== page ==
A Nebraska federal judge has dismissed a lawsuit in which Republican attorneys general in seven states tried to block the Obamacare provision requiring contraceptive coverage in employer-provided insurance plans.
The seven state officials, along with three Nebraska-based Catholic institutions, filed their lawsuit on false grounds that the ACA’s contraceptive provision violates the Constitution’s guarantee of religious liberty by forcing Catholics to pay for contraception against their beliefs. However, churches and other places of worship are already exempt, and the regulation also includes a work-around for Catholic-affiliated institutions who object to birth control so they can refer employees to an outside insurer for contraception coverage.
U.S. District Judge Warren Urbom ruled that the lawsuit is without merit, just as it appeared on the surface. Urbom pointed out that there is no evidence that religious groups are being forced to violate their conscience, especially since the provision will not go into effect until 2013:
URBOM: Although the rule that lies at the heart of the plaintiffs’ complaint establishes a definitive, final definition of ‘religious employer,’ the ACA’s contraceptive coverage requirements are not being enforced against non-exempted religious organizations, and the rule is currently undergoing a process of amendment to accommodate these organizations.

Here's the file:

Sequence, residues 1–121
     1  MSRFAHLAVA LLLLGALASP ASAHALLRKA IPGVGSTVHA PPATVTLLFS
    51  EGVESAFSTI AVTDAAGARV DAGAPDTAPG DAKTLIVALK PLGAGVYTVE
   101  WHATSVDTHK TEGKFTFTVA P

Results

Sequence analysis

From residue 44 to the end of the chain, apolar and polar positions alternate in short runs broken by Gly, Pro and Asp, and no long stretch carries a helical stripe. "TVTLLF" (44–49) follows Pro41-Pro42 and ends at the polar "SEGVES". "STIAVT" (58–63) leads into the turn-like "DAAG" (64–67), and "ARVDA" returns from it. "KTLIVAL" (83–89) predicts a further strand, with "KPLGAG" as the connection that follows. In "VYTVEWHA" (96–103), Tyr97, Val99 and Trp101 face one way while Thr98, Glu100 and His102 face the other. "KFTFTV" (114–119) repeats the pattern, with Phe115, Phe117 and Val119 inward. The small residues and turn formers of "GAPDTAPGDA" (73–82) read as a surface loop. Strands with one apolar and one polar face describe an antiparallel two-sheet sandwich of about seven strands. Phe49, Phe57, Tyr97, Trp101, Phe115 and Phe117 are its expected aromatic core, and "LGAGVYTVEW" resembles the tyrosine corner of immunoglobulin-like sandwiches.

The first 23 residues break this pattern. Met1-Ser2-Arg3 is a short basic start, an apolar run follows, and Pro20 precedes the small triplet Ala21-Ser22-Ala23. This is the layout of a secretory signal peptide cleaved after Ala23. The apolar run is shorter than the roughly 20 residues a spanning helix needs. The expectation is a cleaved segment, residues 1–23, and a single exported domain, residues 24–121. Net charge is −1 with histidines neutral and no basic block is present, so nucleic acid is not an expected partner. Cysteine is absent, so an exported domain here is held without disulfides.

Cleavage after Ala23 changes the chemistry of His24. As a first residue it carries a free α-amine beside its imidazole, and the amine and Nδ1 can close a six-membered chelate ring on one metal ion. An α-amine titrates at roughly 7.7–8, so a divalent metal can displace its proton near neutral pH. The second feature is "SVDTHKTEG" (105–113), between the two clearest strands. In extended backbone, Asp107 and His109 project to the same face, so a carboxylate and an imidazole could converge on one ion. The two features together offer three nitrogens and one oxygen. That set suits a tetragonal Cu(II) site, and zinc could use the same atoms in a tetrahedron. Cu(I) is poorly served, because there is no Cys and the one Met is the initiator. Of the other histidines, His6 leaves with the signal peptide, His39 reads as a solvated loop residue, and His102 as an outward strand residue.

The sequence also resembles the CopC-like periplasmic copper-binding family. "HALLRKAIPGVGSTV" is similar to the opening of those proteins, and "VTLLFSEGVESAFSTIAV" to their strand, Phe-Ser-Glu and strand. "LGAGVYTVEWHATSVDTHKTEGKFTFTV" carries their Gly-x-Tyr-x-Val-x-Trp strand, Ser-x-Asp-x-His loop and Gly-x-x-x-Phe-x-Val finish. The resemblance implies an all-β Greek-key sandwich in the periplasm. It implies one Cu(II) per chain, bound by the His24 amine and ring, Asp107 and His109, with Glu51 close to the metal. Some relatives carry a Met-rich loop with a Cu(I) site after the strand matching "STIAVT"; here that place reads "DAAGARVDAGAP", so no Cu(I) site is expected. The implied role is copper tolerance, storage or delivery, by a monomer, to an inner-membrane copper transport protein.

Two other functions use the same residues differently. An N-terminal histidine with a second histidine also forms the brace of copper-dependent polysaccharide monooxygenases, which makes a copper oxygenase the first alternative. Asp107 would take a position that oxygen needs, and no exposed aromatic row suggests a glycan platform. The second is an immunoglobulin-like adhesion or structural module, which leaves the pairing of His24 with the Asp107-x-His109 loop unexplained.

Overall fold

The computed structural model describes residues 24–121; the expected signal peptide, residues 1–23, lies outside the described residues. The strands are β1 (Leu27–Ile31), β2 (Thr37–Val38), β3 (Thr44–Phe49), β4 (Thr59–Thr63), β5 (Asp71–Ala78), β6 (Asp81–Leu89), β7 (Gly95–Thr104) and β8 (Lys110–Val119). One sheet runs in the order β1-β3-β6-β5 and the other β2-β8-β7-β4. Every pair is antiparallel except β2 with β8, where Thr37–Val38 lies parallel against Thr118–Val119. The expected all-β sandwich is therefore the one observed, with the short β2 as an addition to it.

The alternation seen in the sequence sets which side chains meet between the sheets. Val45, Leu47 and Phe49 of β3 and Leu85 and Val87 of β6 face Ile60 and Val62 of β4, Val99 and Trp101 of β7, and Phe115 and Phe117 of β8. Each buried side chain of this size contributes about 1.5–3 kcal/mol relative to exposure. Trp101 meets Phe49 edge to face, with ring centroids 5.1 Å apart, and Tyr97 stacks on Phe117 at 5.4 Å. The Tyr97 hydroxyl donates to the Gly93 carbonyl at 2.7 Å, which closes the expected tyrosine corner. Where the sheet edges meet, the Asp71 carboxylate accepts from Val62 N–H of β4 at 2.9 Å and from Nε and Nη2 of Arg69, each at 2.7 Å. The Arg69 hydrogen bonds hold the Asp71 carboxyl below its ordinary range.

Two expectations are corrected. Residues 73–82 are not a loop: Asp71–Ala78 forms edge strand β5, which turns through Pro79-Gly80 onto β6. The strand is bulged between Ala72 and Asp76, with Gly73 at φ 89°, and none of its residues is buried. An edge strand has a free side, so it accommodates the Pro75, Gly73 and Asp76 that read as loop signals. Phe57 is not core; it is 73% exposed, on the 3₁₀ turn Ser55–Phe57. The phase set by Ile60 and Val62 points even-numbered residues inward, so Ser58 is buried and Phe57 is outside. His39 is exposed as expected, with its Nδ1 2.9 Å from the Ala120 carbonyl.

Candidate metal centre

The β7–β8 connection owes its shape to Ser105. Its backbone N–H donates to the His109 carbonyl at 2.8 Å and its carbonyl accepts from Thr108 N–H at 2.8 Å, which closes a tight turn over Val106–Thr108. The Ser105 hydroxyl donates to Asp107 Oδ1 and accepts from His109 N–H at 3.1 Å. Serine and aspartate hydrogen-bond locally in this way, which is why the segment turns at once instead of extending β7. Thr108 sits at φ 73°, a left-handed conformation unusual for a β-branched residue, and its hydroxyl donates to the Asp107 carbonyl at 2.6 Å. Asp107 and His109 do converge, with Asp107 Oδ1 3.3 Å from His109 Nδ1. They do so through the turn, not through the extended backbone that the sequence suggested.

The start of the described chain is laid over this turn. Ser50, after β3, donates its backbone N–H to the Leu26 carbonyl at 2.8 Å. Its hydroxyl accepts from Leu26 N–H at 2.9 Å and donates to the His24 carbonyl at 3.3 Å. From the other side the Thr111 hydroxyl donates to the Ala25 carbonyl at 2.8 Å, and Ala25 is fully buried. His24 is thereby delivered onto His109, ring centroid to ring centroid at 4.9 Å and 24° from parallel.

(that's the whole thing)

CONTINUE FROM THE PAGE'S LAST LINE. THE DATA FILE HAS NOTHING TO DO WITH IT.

The plaintiffs face no direct and immediate harm, and one can only speculate whether the plaintiffs will ever feel any effects from the rule when the temporary enforcement safe harbor terminates. This case clearly involves ‘contingent future events that may not occur as anticipated, or indeed may not occur at all’…and therefore it is not ripe for review. None of the plaintiffs have established that they have standing to challenge the rule, and even if I were to assume that they did have standing, their claims are not ripe.
Obama has defended his contraception regulation, pointing out that “it’s not fair” for Catholic institutions to deny their employees birth control when there is already a compromise in place to prevent Catholic institutions from having to pay for the coverage directly. In fact, many large Catholic institutions like Georgetown University provided contraception coverage even before the ACA required them to do so.
Furthermore, the birth control regulation remains popular among the American public. An overwhelming majority of Americans — including Catholics — support coverage for contraceptive services. This ruling is only the most recent example of the fact that the Catholic case against the contraception mandate is easily dismantled.
A second lawsuit against the ACA’s contraception mandate has been dismissed in court under the same line of reasoning. U.S. District Judge James E. Boasberg ruled against Belmont Abbey College’s lawsuit on Wednesday, saying the Catholic college did not have standing to bring the case to court because it could not demonstrate it had been harmed yet by the birth control regulation. The college’s lawyers say they will continue the fight.